Author: Bryan Mathers

  • Missing…


    Something is missing. I’ve tripped over a few things in recent years that have pointed me in this direction. Yet I haven’t quite been able to put my finger on why it bear-hugs me the way it does. It is the learning of things completely new – but that somehow feel just a little familiar. […]

  • Airports are turning Green

    Airports are turning Green

    When my auntie told me this story, sure I nearly keeled over it tickled me so much. It’s amazing what hurdles we are prepared to accommodate when we understand that it’s in our interest to do so. The game is presented to us with simple tribal rules. Them and us. It’s always been played this […]

  • The Identity-ometer

    The Identity-ometer

    Pick a side. Well – as I already knew from playing football every lunch break at school, you rarely get to pick your side. It picks you. And to be honest, you should be grateful that you’re on any sort of side at all. And whatever team you’re tentatively part of (not that they pass […]

  • Love your neighbour

    Love your neighbour

    As a child, what I saw and what I read didn’t seem to match up. Loving your neighbour, seemed pretty central to what was being taught – yet even as a kid I could see that the adults had moved on from that. It had become problematic. The thing that really confused me was that […]

  • Aye, sure, for a bit a craic

    Aye, sure, for a bit a craic

    What’s the craic? – How are you doing? Ach the craic was ninety! – The fun and laughter amongst the people was at very high levels indeed! Aye, sure, for a bit of craic… – Let’s try that idea as we are curious beings in need of entertainment… When I look up a word I […]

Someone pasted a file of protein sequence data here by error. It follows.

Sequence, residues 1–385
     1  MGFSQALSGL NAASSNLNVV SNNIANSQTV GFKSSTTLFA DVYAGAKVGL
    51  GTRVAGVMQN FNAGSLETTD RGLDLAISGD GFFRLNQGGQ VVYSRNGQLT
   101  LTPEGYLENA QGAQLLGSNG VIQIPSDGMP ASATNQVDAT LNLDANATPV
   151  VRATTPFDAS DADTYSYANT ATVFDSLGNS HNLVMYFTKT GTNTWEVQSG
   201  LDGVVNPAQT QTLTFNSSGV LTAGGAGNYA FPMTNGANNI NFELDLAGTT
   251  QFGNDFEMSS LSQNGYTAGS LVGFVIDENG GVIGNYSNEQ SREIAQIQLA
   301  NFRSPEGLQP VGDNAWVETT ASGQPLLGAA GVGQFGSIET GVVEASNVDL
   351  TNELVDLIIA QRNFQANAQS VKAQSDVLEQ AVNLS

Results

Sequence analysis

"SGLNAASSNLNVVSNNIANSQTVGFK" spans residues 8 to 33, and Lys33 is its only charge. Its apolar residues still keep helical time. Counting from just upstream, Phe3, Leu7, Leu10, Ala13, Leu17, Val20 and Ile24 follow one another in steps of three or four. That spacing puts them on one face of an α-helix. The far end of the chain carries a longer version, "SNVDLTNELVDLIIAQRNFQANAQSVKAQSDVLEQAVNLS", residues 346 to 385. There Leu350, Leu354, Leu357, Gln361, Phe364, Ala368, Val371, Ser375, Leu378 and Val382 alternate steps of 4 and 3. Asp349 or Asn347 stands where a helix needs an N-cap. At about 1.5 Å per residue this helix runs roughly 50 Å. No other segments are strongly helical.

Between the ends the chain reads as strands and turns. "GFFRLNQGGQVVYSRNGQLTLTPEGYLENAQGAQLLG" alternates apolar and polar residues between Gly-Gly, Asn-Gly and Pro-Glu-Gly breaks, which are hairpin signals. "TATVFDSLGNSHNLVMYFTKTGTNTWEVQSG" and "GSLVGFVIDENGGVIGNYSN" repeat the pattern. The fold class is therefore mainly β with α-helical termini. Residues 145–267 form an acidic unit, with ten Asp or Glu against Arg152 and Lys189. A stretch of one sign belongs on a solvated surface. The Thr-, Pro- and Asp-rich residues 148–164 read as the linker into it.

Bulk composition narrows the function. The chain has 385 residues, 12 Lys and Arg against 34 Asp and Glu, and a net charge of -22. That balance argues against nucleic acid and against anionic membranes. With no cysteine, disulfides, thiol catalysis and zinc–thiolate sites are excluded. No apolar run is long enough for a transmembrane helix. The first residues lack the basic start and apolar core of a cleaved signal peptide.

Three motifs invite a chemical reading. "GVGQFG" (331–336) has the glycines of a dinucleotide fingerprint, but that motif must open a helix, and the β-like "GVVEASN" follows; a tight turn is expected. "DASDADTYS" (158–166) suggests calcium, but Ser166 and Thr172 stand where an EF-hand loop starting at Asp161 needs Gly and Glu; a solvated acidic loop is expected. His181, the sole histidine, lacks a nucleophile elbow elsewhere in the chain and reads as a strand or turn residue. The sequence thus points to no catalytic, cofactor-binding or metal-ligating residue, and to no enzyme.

• You’ve made Duo sad…

    You’ve made Duo sad…

    My first attempt at learning Irish with the Duolingo app doesn’t go well. I fall foul of it’s attempts to cajole me with stars and gems and special points. Duo’s next tactic is to send me emails deploying the weapon of shame. This is surprisingly effective – given that my greatest fear is the fear […]

  • It’s all Japanese to me

    It’s all Japanese to me

    Two years of Latin. Five years of French. One year of German. One year of Spanish. And a brief dalliance with Japanese. But not one word of Gaeilge. Not one. The grammar school that I attended was mixed. It had both girls and boys. It had both protestants and catholics. When I was at school […]

  • Ach away…

    Ach away…

    I’ve seen my dad mow the lawn a thousand times. Usually my brothers and I were waiting in the wings to play football on the freshly-cut theatre of dreams it created. My dad was usually a bit grumpy about this. Apparently our excessive footballing had created patches where grass was now impossible to cultivate. There […]

  • Bag head

    Bag head

    In my early years, it wasn’t too long before I became aware of a polarisation of the people who lived where I lived. Firstly, there was us. Good living country folk. Then there were townies. They seemed to play differently. They were the Tom Sawyer to our Huckleberry Finn. We spent summers picking potatoes and […]

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